Names & Notes (Palo Alto Weekly, Friday, July 22, 1994)
HIGH NOTES . . . The Palo Alto-based El Camino Youth Symphony returned triumphantly from a New York City concert tour a few weeks ago, having performed at some pretty prestigious venues, including Lincoln Center and the United Nations. Young musicians from Palo Alto who joined the 100-member ensemble on the New York trip were: Greg Ammen, Melissa Anchan, Alton Atkinson, Aaron Brodkin, Karen Chuang, Jeremy Clemenson, Aly Eisenhardt, Mike Espar, Jeremy Erman, Diana Juan, John Kilcline, Mara Kronick, Jean Lai, Nailni Rao, Nicole Reich-Weiser, Ben Salsbury, Josh Salsbury, Hilary Selden, Andy Sinton, Sara Spieth, Joanna Street, Jerome Tsui, Katie Wang, Kristy Wang, Mike Wilson, Ben Woodhams, Catherine Wu, Anglea Xu and Yisha Zhang.
Flying High Again (Betsy Hunton, Palo Alto Weekly, Friday, Aug. 14, 1998)
...many, perhaps most, of the actors come from years of experience in the Children's Theatre system. Jeremy and Jonathan Erman, 21-one-year-old fraternal twins, have been regulars since they were nine. Both are already in the early stages of professional theater careers. Jeremy points out that Wingspread serves as a goal to the younger groups who "aspire" to be in the more sophisticated productions.
Raising the Orchestral Bar (Brian McCoy, Stockton Record, Dec. 13, 2002)
“If you do a program from the strengths of the orchestra, you can really do some astonishing projects....They will really go at it,” Waldvogel said. “The result will be invigorating and so much fun.”
Violinist Jeremy Erman agreed. The senior from Palo Alto noted the program Waldvogel initially conceived included a still-bracing but less challenging Brahms’ work.
Strolling Down Memory Lane (Jeanie Forte, Palo Alto Weekly, Friday, January 21, 2005)
The group was ably supported by two live musicians on stage: Jonathan Erman on piano (alternating with his brother, Jeremy) and Danny Min on bass. They did such a great job you hardly knew they were there, even though they played practically non-stop the entire show.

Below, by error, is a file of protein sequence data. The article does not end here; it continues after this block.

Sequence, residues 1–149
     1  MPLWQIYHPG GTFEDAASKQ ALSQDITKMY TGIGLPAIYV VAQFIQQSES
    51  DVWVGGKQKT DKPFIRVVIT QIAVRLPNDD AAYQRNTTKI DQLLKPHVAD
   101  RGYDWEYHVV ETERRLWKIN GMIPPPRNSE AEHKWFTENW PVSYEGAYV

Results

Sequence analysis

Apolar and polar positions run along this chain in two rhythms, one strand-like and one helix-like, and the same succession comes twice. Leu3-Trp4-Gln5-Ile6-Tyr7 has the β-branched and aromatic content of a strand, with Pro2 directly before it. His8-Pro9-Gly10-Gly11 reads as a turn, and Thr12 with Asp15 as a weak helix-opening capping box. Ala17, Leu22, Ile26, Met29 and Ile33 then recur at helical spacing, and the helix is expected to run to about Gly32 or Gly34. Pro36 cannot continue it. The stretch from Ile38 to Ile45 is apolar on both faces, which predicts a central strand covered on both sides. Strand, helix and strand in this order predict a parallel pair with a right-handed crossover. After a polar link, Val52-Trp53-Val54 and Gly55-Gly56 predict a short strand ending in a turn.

Worth a Look/Music/Chamber Concert (Palo Alto Weekly, Vol. 27, Number 46. Friday, March 10, 2006)
Princesses, pianos and Prokofiev people this Saturday’s concert put on by the Palo Alto Philharmonic. The program for the 8 p.m. concert includes Jeremy Erman’s “The Twelve Dancing Princesses: A Fairy-Tale for 7 Players,” several pieces for piano trio, and Prokofiev’s first string quartet, “String Quartet #1, Op. 50.” The music plays at the Palo Alto Art Center Auditorium at 1313 Newell Road.
Operetta, Bollywood-style (Jeanie Forte, Palo Alto Weekly, Vol. 28, Number 12. Friday, November 17, 2006)
Music director Jeremy Erman gets a very capable sound from both the orchestra and the ensemble
The Ogre Awards (Enid Davis, Knowledge Quest, Volume 36, No. 5. May/June 2008)
This year, I tried my hand at writing original music. It was very satisfying....I send a big thanks to musician Jeremy Erman who has the magical powers of taking my taped songs and transcribing them to paper.
The Stanford Savoyards present The Sorcerer (TheatrePR, Patch.com, April 4, 2013)
Directed by Jeremy Erman and Sharon Beltracchi, long-time Savoyards veterans, this musical fantasy provides delightful delusion where nothing is quite as it seems: helpful-seeming friends may turn out to be servants of dark powers; enchanted spirits lurk at the edges of the village, eager to be set free; and a simple cup of tea may bring everlasting love...or everlasting sorrow.
A New Style of 'Jeans!' (Kaila Prins, Palo Alto Online, May 17, 2018)
Just over two years ago, Yacowitz, Claerbout and Davis updated their play and turned it into a full musical.
Davis approached her pianist friend Jeremy Erman to help her arrange some original melodies. Together they wrote 14 songs.
30 years and a pandemic later, the Palo Alto book sale still goes strong (Sam Stein, Midpeninsula Post, November 23, 2021)
“It’s a really great way to find older books, books that are out of print,” long-time customer Jeremy Erman said. “It’s a great resource in the internet age. There are lots of books and resources here that aren’t actually available online, so it’s a way to find stuff you can’t find anywhere else, as there’s a lot of historical stuff that can give you an insight into the past.”
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